According to Back From the Dead, Dole campaign manager Reed and Fabrizio "were frustrated" by their inability to control Sipple and Murphy, and Reed insisted that the pair leave. Asked if it was possible that the FBI is examining the circumstances under which they were asked to leave the campaign, Sipple said there "are dozens of possible scenarios" for what, exactly, tripped the FBI inquiry.

"There was interpersonal, understandable acrimony that went on," Sipple acknowledged. Both men, however, denied the account, given by a Voice source, that they refused to show the Dole campaign their accounting books upon leaving the campaign. "There were lengthy meetings with the campaign's accountant and attorneys," Sipple said. "We went through hoops."

The question is: even if the sums paid to Dole media consultants were huge, does any of this violate the law? Fabrizio insists that it's all aboveboard, and points to a January 4, 1998 Washington Post article indicating that some of Clinton's '96 campaign consultants reaped profits of six- and seven figures.

"It is conceivable," says one former Dole staffer, "that the FBI has been misled to believe that what are actually standard campaign arrangements were, in this case, 'kickbacks."'

Another prong of the FBI inquiry appears to concern the Dole campaign's contracts for telemarketing services during the '96 primaries. More than any presidential campaign in history, the Dole campaign made extensive use of the controversial technique known as "push polling." Like regular pollsters, push pollsters call potential voters seeking to know how they will vote. But push pollsters also plant negative information about a campaign rival, often without identifying themselves as working for a particular candidate.

For example, the Dole campaign made tens of thousands of calls before the Iowa caucuses. In some of those calls, according to a Wall Street Journal article, the recipients were told that Steve Forbes's flat tax proposal "would cost [farmers] more in tax money."

The Dole campaign paid a New York--based company called Campaign Tel just over $1 million in a single month--January 1996--for these services, according to FEC records. (By comparison, Fabrizio's traditional polling firm received a $20,000 monthly consulting fee during the general election, and generally charged between $10,000 and $30,000 for an individual poll.)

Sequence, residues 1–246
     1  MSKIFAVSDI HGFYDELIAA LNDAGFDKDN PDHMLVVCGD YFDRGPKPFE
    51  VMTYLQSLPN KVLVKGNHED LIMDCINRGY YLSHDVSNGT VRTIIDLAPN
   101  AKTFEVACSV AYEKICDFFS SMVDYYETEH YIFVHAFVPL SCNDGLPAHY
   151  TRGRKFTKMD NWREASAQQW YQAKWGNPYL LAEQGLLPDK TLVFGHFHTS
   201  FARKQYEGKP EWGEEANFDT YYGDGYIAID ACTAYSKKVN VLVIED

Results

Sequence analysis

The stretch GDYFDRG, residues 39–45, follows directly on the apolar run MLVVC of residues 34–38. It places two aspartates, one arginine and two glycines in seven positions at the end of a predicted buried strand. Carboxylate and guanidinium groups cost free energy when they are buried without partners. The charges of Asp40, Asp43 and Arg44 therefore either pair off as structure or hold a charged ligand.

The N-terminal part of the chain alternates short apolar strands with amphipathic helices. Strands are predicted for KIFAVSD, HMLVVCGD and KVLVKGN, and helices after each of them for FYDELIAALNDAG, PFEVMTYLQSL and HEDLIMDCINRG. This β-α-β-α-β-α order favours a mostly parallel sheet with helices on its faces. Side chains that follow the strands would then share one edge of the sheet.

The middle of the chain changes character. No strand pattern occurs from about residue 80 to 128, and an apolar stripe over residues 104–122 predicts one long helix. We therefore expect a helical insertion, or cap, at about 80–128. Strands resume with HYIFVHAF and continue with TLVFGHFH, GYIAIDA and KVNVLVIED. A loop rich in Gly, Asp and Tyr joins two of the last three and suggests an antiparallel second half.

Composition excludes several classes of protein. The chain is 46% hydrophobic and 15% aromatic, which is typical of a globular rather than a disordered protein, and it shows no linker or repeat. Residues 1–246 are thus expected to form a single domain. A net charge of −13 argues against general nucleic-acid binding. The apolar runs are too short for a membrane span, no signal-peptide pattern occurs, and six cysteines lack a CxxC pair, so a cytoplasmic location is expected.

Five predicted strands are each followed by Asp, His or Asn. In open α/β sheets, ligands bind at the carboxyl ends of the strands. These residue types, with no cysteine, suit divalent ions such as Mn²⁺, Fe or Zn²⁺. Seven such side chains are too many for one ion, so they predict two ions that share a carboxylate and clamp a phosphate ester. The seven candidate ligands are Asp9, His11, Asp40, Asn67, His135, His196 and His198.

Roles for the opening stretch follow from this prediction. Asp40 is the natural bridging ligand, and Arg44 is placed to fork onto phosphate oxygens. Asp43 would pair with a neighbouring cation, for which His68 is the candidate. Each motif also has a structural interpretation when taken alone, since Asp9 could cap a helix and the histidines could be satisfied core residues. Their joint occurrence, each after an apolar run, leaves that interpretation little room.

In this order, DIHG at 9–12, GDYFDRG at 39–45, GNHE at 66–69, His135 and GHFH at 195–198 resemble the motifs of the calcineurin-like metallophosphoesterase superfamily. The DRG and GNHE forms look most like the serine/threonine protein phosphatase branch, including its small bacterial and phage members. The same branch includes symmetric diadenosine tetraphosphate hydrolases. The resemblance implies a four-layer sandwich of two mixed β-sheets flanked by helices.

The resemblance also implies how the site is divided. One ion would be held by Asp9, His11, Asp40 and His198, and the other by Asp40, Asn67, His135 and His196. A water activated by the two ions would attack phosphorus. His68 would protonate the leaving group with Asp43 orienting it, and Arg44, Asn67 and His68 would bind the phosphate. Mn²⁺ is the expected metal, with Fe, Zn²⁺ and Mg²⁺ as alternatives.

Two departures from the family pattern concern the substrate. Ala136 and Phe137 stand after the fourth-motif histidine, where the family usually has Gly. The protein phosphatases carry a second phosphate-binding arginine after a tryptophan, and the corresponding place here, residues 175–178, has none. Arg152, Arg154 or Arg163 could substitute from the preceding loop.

Former Dole advisers have told the Voice and Kansas City Star that the FBI asked them questions about possible kickbacks connected to Campaign Tel's contracts. Steve Goldberg, who ran Campaign Tel during the 1996 election, did not return Voice calls seeking comment. When asked last fall about kickback allegations, Goldberg told Capital Style the charge was "ludicrous," adding: "I'm pretty certain it wasn't going on."


Media Scorecard: Of all the media noise made over Israel's 50th anniversary, the best package by far was in The Economist. One of the British mag's stories, for example, reminded readers that--despite the U.S. media's lazy focus on "Israelis" versus "Arabs"--one out of five Israeli citizens is an Arab. The worst was New York 1's coverage of Governor George Pataki's visit--in addition to being boring, the handshake-by-handshake treatment seems highly questionable in an election year

  • How hard is it to work at the Daily News? Jim Mulvaney, recently departed deputy managing editor, has been saying that he was even second-guessed on how he should name his computer files. When he tried to slug a file "shot," a higher-up corrected him: "Make it shoot!"

  • Talk about ahead of the curve--even before Steven Brill's media mag Content has published its first issue, an anonymous newsletter parodying it has already surfaced. Entitled disContent, it bills itself as "doggedly watching the watchdogs-watching watchdog."

    Research: Kaelen Wilson-Goldie

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